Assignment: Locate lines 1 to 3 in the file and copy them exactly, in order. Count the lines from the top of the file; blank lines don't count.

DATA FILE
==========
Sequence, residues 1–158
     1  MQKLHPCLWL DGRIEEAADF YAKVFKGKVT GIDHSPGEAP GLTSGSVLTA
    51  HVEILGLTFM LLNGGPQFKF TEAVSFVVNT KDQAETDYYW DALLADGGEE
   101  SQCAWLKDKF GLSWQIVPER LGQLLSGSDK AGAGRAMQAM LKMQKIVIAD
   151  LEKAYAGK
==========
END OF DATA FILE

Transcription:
Sequence, residues 1–158
     1  MQKLHPCLWL DGRIEEAADF YAKVFKGKVT GIDHSPGEAP GLTSGSVLTA
    51  HVEILGLTFM LLNGGPQFKF TEAVSFVVNT KDQAETDYYW DALLADGGEE